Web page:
Sword Dance in the Middle East: Interview with Trita Parsi on the Iranian Election


Yesterday, EconVue Editor-in-Chief Lyric Hughes Hale interviewed the director of the National American Iranian Council, Middle East foreign policy expert  Trita Parsi. He has a new book coming out very soon from Yale University Press Losing an Enemy-Obama, Iran and the Triumph of Diplomacy. They discussed Friday’s landslide (57%) re-election of President Hassan Rouhani, and what this means for Iran, the region, the US, and the world.  Dr Parsi made ten key points during their conversation. Of note since the interview, President Trump’s remarks on Iran during his speech on Islam in Saudi Arabia today have reportedly dampened the celebrations in Iran.  Registered EconVue users are welcome to comment on this panel. 

1. The US arms sales agreement and criticism of Iran (a country which holds elections) by Secretary of State Rex Tillerson in Saudi Arabia (which does not) did not dim the jubilant mood of Iranian voters yesterday. Rouhani’s victory over hardliner Ebrahim Raisi is due to the progressive nature of Iranian society as a whole.  It signaled approval of Rouhani’s greatest achievement during his previous term, the 2015 Iran nuclear agreement.

2. Hardliners and the Islamic Revolutionary Guard Corps (IRGC) were confident that Iranians would register their disappointment that the nuclear agreement has not yielded more in terms of economic relief. This was a miscalculation, and moderates prevailed by appealing to the more liberal sectors of Iranian society, including artists and filmmakers.  It is true that unemployment has been both sticky and high, 30% for young people. But it could be that voters felt that domination of some sectors of the economy by the IRGC is the cause of uneven distribution of economic gains, and that this was reflected in their candidate Raisi’s poor showing. In fact, inflation fell from 40% per annum to 7% during Rouhani’s first term, and oil sales have rebounded.

3. In spite of calls for election boycotts, and obstacles created by Raisi supporters, Iranians voted in record numbers, + 70% turnout for a midterm election. This is the third election in which Iranians voted in the most moderate candidate, in contrast to Israel and Turkey.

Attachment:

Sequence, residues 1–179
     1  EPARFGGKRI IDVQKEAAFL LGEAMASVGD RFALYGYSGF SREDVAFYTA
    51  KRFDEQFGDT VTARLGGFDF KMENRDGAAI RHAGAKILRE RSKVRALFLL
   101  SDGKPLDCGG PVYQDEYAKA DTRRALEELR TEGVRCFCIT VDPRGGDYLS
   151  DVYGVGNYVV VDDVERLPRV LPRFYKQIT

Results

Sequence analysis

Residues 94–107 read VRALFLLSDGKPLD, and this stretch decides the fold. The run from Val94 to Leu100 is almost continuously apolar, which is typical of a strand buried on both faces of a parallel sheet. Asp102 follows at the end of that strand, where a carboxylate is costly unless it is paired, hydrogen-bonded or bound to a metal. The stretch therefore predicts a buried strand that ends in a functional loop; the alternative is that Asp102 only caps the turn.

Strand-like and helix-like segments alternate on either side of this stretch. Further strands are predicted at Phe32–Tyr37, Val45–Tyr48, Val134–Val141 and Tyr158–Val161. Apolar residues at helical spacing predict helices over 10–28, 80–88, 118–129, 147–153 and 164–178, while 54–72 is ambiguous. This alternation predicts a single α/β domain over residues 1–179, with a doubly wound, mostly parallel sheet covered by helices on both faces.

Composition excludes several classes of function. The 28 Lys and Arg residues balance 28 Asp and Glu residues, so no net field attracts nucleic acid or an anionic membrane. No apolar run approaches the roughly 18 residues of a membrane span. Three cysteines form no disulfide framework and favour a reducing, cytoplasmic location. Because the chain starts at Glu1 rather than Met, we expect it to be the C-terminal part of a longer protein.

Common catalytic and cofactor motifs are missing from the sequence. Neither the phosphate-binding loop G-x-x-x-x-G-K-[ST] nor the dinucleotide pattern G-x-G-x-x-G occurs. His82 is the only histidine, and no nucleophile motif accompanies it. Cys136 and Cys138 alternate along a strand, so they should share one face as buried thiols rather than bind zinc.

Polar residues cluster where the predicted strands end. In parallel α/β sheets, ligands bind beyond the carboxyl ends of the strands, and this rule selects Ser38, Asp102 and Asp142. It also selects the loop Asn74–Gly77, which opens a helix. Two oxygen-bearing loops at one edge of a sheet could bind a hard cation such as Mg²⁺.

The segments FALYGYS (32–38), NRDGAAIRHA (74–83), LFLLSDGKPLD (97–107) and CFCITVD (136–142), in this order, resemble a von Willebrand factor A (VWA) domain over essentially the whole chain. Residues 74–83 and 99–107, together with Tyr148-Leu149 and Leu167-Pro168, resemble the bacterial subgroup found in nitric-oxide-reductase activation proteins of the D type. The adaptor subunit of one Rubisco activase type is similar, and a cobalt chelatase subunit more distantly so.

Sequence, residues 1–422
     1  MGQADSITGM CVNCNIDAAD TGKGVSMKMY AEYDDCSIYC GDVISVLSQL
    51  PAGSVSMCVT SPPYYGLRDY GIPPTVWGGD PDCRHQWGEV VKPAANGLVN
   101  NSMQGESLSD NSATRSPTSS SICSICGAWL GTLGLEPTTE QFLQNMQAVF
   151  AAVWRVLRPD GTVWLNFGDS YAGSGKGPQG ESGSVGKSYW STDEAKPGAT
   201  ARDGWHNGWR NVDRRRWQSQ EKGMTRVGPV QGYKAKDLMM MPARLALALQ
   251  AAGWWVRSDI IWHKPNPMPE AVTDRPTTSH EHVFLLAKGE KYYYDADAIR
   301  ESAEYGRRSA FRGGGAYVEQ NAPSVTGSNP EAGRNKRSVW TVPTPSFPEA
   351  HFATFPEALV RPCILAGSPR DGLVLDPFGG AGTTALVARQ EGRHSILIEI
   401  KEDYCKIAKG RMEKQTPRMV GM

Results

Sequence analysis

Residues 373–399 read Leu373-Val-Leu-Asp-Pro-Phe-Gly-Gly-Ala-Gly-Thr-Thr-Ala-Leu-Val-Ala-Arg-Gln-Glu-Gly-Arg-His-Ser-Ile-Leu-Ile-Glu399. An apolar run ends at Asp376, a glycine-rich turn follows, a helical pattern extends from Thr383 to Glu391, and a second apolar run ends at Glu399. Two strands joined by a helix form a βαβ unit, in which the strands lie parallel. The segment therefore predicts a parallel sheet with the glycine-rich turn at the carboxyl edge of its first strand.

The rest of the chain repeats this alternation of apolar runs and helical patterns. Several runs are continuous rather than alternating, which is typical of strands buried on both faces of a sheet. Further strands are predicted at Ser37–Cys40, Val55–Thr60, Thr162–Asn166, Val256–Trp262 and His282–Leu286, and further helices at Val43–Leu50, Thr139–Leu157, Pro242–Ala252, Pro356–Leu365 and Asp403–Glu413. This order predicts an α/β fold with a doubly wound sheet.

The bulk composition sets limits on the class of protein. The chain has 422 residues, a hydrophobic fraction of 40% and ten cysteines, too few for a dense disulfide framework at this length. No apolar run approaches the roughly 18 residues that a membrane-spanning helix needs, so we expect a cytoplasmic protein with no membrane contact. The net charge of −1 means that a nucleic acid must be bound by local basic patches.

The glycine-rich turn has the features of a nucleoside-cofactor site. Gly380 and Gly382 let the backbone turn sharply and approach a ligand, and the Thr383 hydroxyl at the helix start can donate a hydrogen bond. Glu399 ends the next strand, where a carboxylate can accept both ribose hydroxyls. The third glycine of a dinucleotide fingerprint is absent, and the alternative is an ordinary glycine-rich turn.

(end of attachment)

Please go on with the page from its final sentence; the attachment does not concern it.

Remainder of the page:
4. Young people in particular are going to demand real change, not just the status quo. However, although the election was important, the real power in Iran is exercised by Supreme Ruler Ali Khamanei, who is now rumored to be in ill health.  Could Raisi, who still garnered 38% of the votes, and studied for years with Khamanei, possibly move into this position when the time comes?  At this moment, no.  Embarrassingly, Raisi was unable to win in spite of all of stops being pulled by conservatives to secure his election. 

5. Iran’s trade basket is tilted towards the Chinese who work with the monopolist IRGC. Hardliners fear American imports because if the US fully re-enters the market, it could reorganize Iran politically. (It is widely suspected that in their search for quick profits, the IRGC imports from China rather than develop domestic markets and infrastructure.)

6. As China expands its new Silk Road throughout the region, it is already the main foreign commercial player in Iran. Although Iranians love US products and would like to diversify their economy, the US is seen as an  increasingly untrustworthy and unpredictable partner. So the US would face formidable competition, even if the doors to trade with Iran were completely open.

7. China could help itself in Iran by not repeating what happened under the Shah during peak American influence in Iran: employing foreign rather than Iranian labor. This Chinese practice could weaken gains it has made elsewhere. 

8. Regionally, Iran has supported Syria with boots on the ground rather than the Russian approach, which avoids Russian casualties as all costs and seeks a negotiated rather than a military solution to conflict. Rouhani’s election could be a victory for Iranian moderates who might be willing to negotiate before achieving military victory, an approach more in line with the Russians who are using military strikes as a means to drive parties to the table.

9. Through its support of Sunni forces by supplying arms to Saudi Arabia, the US is essentially supporting a prolongation of conflict in both Syria and Yemen. 

10. Globally if the hardliners had won, the concern would have been a break with the Iran nuclear agreement, which could have increased the likelihood of technology exchanges with North Korea.  Rouhani’s win is a victory for geopolitical stability. 

Panel Discussion